But R.C. Whitstine, 76, has admitted sawing a footprint out of plywood to make some tracks.

"We were just having some fun with a new saw," he told The Town Talk.

As for the current rash of sightings, Earl Whitstine and Dubois say the creature they saw in the forest was about seven feet tall, covered in black hair and had big feet.

Neither claimed they smelled a foul odor, but a fisherman who also was said to have seen the creature reported it smelled bad.

Whitstine claimed he saw the "booger" once on Tuesday morning while operating a tree cutter. He said the sound of the machine's bucket startled the creature, and it ran across a nearby creek and off into the woods.

"After it jumped into the water, it looked back at me," Whitstine said.

That would not be the last of Bigfoot, he said.

Two days later, the two loggers were walking along a property line when they came across the strange creature once again, they said. This time it ran away when Whitstine called to it, they said.

It was after that sighting that the tracks were discovered in the dry bayou.

"They can say it was a camel riding an elephant, but I saw what I saw," Whitstine said.

Jackie Dubois, Carl Michael's father, was also on the crew that day, and he said he has no doubt that his son saw a strange creature.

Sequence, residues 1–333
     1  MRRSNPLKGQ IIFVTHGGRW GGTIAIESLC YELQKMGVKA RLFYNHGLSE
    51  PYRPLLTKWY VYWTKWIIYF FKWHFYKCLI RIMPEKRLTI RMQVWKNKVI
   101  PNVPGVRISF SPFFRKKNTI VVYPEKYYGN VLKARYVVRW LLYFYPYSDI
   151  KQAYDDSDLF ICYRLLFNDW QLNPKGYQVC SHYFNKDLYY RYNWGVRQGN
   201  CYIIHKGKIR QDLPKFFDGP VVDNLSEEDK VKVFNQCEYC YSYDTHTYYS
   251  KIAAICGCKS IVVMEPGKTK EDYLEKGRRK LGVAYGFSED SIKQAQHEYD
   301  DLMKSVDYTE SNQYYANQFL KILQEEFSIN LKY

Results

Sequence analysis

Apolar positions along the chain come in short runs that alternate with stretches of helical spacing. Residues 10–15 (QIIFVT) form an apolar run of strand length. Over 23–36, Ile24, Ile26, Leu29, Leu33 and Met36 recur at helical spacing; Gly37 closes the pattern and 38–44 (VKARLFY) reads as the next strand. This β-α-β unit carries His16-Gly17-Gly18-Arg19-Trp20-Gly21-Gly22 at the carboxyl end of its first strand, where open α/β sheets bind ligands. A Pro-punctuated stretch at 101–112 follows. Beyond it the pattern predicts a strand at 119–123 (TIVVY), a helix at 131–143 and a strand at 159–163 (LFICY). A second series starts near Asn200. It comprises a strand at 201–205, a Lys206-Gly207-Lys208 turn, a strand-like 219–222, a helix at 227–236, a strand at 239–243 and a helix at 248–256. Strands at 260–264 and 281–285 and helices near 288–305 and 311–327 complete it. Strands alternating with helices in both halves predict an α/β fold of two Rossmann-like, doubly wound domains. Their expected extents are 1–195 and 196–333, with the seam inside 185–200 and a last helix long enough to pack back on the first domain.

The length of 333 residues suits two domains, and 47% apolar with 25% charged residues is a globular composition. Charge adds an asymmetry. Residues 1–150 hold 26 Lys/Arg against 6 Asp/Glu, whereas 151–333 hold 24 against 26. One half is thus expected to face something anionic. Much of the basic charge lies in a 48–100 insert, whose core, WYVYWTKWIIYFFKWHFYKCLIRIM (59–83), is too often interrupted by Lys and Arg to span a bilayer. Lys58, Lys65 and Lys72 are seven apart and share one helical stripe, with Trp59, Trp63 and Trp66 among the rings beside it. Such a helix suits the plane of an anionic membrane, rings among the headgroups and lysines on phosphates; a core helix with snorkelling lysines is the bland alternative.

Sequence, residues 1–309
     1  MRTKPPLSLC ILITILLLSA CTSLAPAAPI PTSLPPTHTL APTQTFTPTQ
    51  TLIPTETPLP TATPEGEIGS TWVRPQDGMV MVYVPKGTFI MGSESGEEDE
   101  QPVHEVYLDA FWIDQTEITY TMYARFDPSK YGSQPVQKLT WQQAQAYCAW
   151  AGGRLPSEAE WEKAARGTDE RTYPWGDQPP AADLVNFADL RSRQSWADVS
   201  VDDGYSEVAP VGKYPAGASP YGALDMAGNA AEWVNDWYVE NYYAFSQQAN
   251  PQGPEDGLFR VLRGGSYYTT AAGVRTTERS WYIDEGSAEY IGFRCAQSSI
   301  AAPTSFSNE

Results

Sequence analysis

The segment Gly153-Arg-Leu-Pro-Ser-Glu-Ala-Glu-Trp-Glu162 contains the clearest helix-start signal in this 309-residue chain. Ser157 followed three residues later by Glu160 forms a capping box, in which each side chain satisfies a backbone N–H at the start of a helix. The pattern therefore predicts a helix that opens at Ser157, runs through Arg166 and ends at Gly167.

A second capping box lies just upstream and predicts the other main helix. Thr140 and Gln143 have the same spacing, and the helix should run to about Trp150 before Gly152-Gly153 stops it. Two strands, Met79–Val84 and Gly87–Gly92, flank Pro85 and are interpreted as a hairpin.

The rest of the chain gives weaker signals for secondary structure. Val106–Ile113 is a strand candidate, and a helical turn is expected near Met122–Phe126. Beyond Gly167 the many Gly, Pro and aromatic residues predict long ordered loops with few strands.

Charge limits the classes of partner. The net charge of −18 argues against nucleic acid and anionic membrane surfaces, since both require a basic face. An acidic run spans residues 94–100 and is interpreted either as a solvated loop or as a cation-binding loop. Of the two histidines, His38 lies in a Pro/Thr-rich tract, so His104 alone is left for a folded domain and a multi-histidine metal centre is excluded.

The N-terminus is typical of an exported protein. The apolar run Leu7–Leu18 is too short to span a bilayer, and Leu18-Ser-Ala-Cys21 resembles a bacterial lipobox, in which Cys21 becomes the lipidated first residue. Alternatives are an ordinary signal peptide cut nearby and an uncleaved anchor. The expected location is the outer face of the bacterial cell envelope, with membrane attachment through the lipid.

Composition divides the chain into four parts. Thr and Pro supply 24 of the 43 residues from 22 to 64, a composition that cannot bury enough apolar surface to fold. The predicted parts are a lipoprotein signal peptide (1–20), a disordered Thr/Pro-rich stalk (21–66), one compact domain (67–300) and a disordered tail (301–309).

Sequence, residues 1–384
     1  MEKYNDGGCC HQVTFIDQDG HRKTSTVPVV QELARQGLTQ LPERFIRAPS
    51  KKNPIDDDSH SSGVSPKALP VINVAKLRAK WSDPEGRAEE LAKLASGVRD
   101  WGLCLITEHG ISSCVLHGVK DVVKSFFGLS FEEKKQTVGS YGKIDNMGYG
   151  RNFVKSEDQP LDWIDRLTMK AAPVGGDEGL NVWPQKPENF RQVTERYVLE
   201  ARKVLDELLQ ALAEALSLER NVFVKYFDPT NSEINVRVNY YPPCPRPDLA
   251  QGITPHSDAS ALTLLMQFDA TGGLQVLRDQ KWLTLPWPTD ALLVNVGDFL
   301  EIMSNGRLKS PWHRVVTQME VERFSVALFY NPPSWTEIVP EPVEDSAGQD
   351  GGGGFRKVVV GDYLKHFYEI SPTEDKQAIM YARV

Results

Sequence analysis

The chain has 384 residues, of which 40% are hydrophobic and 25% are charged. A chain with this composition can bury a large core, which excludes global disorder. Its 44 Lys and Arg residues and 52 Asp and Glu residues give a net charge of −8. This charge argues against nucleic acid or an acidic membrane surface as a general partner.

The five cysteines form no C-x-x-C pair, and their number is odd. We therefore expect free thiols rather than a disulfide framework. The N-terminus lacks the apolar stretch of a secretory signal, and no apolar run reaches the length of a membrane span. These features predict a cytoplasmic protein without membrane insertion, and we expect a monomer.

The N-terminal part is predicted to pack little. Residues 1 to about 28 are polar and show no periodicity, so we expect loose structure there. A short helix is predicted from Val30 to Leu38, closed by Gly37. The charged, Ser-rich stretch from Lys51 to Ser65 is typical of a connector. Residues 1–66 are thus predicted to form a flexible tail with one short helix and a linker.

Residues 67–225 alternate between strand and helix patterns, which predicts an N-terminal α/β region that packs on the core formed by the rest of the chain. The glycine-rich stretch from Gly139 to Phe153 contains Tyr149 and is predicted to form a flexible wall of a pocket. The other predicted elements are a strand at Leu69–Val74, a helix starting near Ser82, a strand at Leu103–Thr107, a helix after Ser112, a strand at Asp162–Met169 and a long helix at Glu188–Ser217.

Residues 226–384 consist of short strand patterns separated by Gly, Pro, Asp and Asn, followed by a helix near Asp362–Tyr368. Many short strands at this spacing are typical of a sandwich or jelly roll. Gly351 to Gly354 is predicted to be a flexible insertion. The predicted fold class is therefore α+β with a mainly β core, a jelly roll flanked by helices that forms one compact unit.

"I didn't get to see it, but I wished I could've, but I didn't," Jackie Dubois said.

His son has not changed or embellished his story, although he knows people will question their sighting.

"I ain't got nothing to hide," Dubois said.

Delrie, owner of the logging company, said Whitstine and Dubois are very trustworthy and honest men who do their job in a professional manner and have been with his company for a number of years.

Delrie said that when Whitstine told him about the Tuesday sighting he believed him but had to have proof.

It was after the sighting on Thursday that the reality of the situation sank in.

"Earl called me up and said, 'I need for you to come down here now,'" Delrie said.

"I noticed a change in (Whitstine's) voice." When he came to the scene and saw the tracks, Delrie said, he totally believed that his men had seen a strange creature in those woods.

"I looked around the site to see if it was a prank.

And that six-and-a-half foot stride ... no man could have done that," Delrie said.

Delrie said he trusts Whitstine with his expensive logging equipment and that he is lucky to have a solid logging crew working for him.

"The Lord blessed me with them tremendously. You don't know what a (relief) it is knowing they're out there doing their job and doing it well, and I'm not babysitting them," Delrie said.

Delrie said his company has a contract with International Paper and that IP officials are strict about who works for them.

"IP said Earl has the No. 1 crew. They love Earl's crew," Delrie said.

Ward said at first she wasn't scared living there even after hearing about the sightings of the creature.

But now that the initial excitement has begun to wear off, she said she won't be going into the woods alone anytime soon.

"I'm a little uneasy," she said. "I don't think it'd hurt me, but I know it's there now."